- 335is trim added with optional DCT gearbox, comes standard with all M Sport hardware
- Logic7 stereo rebranded as Harman Kardon with no hardware changes
- New colors added: Vermillion Red Metallic, Deep Sea Blue Metallic, and Le Mans Blue Metallic exclusive to M Sport package
2012 model year:
- No significant changes
2013 model year:
- No significant changes
- End of production
The N54 of the pre-facelift 335i used Mitsubishi TD03-based turbochargers.
The E9x 3-series manual has cruise control that doesn’t disengage when shifting, a neat feature.
2007 335i models use a rear differential with a bolted ring gear, while the rest of the 3-series range used a welded ring gear.
The original ignition coils are made by Bosch, but for some reason Delphi makes replacement coils.
You can bolt the E9x M3 control arms onto the normal 3-series.
Only coupe models came with door-mounted red ambient lighting.
General Reliability and Ownership Costs
These cars are generally expensive to run, especially if maintenance is parsed out over time. If you’re willing to spend a few grand from the moment of purchase, you can have a pretty reliable car for tens of thousands of miles, mostly on N54-powered cars. N55-powered 335is are a lot less problematic but still suffer from oil leaks.
Naturally aspirated E9x 3-series are some of the most reliable BMWs ever made and rarely cause a fuss, being almost as reliable as most cars with simple maintenance. Namely, the cooling system is a primary concern for naturally aspirated cars.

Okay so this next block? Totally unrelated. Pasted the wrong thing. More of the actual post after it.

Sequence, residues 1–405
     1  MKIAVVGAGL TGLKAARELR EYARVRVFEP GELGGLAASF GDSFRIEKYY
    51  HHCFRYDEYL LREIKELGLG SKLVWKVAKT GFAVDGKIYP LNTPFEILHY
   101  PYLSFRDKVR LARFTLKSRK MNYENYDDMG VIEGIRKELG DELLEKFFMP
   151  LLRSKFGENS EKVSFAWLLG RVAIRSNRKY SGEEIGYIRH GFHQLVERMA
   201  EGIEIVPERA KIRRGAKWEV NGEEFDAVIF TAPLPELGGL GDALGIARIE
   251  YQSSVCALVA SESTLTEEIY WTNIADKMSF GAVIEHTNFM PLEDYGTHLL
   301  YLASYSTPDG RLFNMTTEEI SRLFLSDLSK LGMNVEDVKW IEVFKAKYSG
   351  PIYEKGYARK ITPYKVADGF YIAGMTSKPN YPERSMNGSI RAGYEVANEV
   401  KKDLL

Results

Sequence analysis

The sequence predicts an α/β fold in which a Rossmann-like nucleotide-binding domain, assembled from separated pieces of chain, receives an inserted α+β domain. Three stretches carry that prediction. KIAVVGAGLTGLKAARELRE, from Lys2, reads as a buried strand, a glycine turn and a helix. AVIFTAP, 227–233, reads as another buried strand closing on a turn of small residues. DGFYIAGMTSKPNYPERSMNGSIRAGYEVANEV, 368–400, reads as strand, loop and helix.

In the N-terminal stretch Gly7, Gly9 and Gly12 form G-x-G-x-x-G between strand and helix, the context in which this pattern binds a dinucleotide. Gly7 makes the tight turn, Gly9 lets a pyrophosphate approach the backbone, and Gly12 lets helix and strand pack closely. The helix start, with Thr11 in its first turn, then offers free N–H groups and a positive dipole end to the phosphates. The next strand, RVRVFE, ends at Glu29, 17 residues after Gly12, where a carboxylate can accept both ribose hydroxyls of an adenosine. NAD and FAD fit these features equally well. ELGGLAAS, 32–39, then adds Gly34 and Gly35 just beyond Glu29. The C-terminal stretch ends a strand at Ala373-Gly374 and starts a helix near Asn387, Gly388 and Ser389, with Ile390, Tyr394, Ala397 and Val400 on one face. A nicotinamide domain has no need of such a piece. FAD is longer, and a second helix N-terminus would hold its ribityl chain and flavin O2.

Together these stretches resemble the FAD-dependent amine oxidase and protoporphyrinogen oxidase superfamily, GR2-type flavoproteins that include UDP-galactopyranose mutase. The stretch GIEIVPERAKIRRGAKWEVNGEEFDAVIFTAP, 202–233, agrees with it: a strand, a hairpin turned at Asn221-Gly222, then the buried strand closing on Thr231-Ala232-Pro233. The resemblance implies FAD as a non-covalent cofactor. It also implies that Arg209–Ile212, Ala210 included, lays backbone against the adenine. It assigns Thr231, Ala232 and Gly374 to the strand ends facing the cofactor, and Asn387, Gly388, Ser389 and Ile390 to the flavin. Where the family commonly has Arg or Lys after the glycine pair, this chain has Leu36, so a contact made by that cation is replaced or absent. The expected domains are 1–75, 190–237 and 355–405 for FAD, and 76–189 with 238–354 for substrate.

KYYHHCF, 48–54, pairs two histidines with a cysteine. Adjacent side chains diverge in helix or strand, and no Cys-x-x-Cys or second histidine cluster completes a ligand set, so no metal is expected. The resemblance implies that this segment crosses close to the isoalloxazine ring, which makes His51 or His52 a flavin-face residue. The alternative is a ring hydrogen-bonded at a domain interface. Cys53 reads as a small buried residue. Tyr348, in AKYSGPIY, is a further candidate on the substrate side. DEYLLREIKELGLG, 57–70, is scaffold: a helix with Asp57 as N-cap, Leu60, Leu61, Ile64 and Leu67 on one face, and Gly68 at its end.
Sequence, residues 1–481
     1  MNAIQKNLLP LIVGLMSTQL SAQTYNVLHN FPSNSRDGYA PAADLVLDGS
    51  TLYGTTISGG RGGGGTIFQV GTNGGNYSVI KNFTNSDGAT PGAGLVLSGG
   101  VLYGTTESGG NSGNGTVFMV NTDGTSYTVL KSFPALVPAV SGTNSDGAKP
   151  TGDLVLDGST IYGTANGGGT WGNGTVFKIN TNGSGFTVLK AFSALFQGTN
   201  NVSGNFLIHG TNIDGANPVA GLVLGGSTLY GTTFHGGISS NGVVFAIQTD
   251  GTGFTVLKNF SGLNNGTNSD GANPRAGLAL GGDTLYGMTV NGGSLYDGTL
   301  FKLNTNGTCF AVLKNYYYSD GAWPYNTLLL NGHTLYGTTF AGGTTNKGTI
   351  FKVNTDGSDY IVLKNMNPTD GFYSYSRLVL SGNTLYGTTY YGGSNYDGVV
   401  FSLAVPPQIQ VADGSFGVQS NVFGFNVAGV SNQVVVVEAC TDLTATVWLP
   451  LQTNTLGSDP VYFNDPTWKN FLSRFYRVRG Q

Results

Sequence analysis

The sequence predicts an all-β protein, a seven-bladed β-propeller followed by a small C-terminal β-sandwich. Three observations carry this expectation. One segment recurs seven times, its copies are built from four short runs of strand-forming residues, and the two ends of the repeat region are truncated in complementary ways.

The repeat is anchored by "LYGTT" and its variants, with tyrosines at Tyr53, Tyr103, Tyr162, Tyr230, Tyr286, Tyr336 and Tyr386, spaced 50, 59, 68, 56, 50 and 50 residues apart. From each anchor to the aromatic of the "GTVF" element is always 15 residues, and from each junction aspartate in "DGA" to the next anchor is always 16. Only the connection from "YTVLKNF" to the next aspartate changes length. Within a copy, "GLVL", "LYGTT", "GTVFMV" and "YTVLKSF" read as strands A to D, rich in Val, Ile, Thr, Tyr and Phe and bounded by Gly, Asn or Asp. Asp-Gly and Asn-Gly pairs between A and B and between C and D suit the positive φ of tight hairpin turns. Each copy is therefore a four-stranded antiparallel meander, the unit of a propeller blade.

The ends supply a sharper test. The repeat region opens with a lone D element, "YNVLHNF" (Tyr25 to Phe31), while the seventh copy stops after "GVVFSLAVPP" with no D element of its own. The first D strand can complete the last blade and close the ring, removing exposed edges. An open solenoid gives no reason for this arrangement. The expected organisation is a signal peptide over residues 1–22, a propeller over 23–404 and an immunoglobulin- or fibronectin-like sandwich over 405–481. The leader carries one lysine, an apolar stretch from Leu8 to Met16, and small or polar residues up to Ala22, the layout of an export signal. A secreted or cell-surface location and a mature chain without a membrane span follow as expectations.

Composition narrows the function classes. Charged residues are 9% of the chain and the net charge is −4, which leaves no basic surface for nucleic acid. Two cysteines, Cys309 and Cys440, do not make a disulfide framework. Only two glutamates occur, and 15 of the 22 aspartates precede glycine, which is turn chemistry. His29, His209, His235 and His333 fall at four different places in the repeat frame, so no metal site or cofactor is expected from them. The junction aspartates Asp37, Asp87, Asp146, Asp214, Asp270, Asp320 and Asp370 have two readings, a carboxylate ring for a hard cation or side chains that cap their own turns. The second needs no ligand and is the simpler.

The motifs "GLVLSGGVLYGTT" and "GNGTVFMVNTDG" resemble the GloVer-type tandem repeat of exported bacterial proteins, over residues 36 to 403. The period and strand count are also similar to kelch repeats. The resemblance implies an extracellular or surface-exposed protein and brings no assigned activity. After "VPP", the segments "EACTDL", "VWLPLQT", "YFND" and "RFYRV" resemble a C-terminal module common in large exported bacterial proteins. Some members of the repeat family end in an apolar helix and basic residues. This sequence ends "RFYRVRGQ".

If you want to have the fast, fun 335i, budget some maintenance and modification money. They need it, no doubt about it. What’s good about these cars is a very mature aftermarket that can finally fix most of the weaknesses of these cars, and don’t break the bank relative to stock genuine parts. You can upgrade for not much more money and have a reliable, trackable car.
Red Flags and Known Issues
Because of the sheer German excellence of these machines, they have a ton of completely avoidable engineering issues that are now your problem. Look out for these problems:
Water pump and thermostat failure. The water pump is electric and is known to fail. Luckily, revisions were made and newer OEM parts are more reliable than ever.
Carbon buildup on the intake valves. This is a byproduct of direct injection. Gasoline doesn’t clean the back side of the intake valves, so carbon builds up in that area.
High-pressure fuel-pump failure. This was so bad that it was a 10-year or 120,000-mile warranty item. They tend to just fail.
Fuel-injector failure. Due to the nature of the high-pressure fuel system, these can wear out faster than conventional injectors due to their increased workload.
Oil-filter-housing gasket leak. This is a common leak that is easy to fix.
Serpentine-belt shredding. This system had some design faults, and if the belts snap they can really do some damage.
Valve-cover leakage and valve-cover cracking. This is partially due to high heat and pressure under the valve cover, especially on 335is.
Oil-pan-gasket leaks. These just leak.
Oil-filter housing and oil-cooler-gasket leaks. This leak will drip onto the serpentine belt and cause a cascading chain of failures that could potentially blow your motor by shredding the front main seal and clogging the oil pickup or jamming your timing chain with metal belt material. Read about it here.
Turbo rattle and failure. The twin turbos on the N54 are weak and can fail if not properly warmed up before stomping on it. Increased boost pressure decreases their life significantly, requiring aftermarket solutions to fully cure this.
Staying on top of BMW recommended service intervals, performing “while you’re in there” maintenance, using quality replacement parts, changing oil frequently, keeping an eye out, and not driving these cars too hard before they’re up to operating temperature help stave off issues immensely.
There have been a couple of extended-warranty items on 3-series cars. Some of the most significant ones have to do with the N54-equipped 335i. The high-pressure fuel pump and fuel injectors carry a warranty period of 10 years or 120,000 miles. Wastegate-related maintenance is at eight years or 82,000 miles.